Where has deflation gone?
Like the entire economy, the price domain has been bustling with activity of late. With domestic bubbles bursting and the global crisis persisting, belts have been tightened and wages and prices have gone down; as a result of Latvian commodities again becoming competitive, both internationally and domestically, the reliance on imports diminished. In the second half of 2009, price levels began to fall sharply, with both goods and service prices equally affected. Nevertheless, a notable shrinkage in deflation surfaced almost one year after prices began to fall, and deflation is likely to turn into inflation during the nearest months. On the one hand, it is consistent with the forecasts about Latvia having no reason for falling deep into the deflationary spiral: regained competitiveness and fresh global price hikes would soon lead to a new, this time moderate price rise. On the other hand, however, the economic recovery is still fragile, while the rebound in prices is steeper than expected. This article briefly discusses why the deflation period is coming to an end so abruptly, whether the days of cost and price decreases underpinning the competitiveness are over, and whether radical rises in inflation are looming ahead.
Why has deflation decreased so steeply?
Deflation in Latvia has decreased mostly on account of external factors. Globally rising prices of natural resources fuelled respective price rises in Latvia as well, boosting input costs for a major part of goods and services. A weaker euro translated into higher prices for imported goods, including energy resources, from non-euro area countries. The same factors have impacted the price dynamics also in the majority of Latvia's trade partners where inflation is already soaring, thus making Latvia's imports from these countries, primarily the EU, more expensive.
At this juncture, the price declines were most significantly offset by the rise in fuel prices and regulated energy prices. Due to global oil price hikes, fuel prices were climbing almost throughout the entire year, abating somewhat only during the concluding months. The tariffs of Latvijas Gāze, pegged to the global oil prices, increased sharply and also pushed up the heating tariffs to be faced by population with the onset of the heating season. In the current year, overall price increases of energy resources are expected to reduce deflation by a whole percentage point.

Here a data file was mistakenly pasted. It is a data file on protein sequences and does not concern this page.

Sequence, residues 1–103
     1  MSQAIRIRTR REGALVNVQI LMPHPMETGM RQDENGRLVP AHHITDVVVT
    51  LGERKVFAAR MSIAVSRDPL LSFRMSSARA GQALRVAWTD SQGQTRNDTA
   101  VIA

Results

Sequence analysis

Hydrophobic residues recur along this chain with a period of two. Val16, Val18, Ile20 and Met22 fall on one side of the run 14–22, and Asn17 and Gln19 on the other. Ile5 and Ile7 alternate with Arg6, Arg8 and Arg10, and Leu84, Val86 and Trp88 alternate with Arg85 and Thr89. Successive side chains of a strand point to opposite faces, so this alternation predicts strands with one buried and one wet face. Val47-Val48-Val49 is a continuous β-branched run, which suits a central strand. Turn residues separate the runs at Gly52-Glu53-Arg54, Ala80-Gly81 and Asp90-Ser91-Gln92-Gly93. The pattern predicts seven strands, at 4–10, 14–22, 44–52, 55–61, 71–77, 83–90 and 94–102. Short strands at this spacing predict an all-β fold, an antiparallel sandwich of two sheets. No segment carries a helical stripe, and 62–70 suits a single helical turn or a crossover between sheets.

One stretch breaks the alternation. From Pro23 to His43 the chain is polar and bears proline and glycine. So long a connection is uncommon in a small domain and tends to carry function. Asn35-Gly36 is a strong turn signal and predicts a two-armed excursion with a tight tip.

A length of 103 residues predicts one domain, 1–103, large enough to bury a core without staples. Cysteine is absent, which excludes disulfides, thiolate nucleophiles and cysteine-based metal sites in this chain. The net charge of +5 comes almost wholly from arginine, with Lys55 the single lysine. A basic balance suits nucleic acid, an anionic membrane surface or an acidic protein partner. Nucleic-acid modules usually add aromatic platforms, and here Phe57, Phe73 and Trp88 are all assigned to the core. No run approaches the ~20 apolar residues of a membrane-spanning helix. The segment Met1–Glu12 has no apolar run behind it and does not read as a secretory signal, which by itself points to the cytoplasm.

As weather conditions were unfavourable, global food prices grew as well. In Latvia, food price rises have been observed for quite a time now, and the sharp increase in vegetable prices alone reduced deflation by 0.4 percentage point. Purchase prices of milk and grain have recently gone up: it is beneficial for producers but disadvantageous for consumers because the prices for dairy products and bread edged up.
It is obvious that the price drop in Latvia has stemmed from and is still determined by the demand which is weakening due to shrinking income, yet there are several factors distorting this relationship.
First, the costs rising due to higher fuel and other resources prices make the local producers and service providers adjust their pricing policies.
Second, the so-called psychological factor is in place. In order to offset the falling income resulting from the contracting demand, a part of businesses opt for either the same price level or a higher one. It is particularly true for goods of prime necessity, e.g. food and household goods, which are sold at points of sale, e.g. in distant rural areas, where there is no competition. There is another group of enterprises that, having previously raised the prices substantially, now opt to stand and wait for the demand to recover either maintaining their previous price levels or introducing temporary discounts.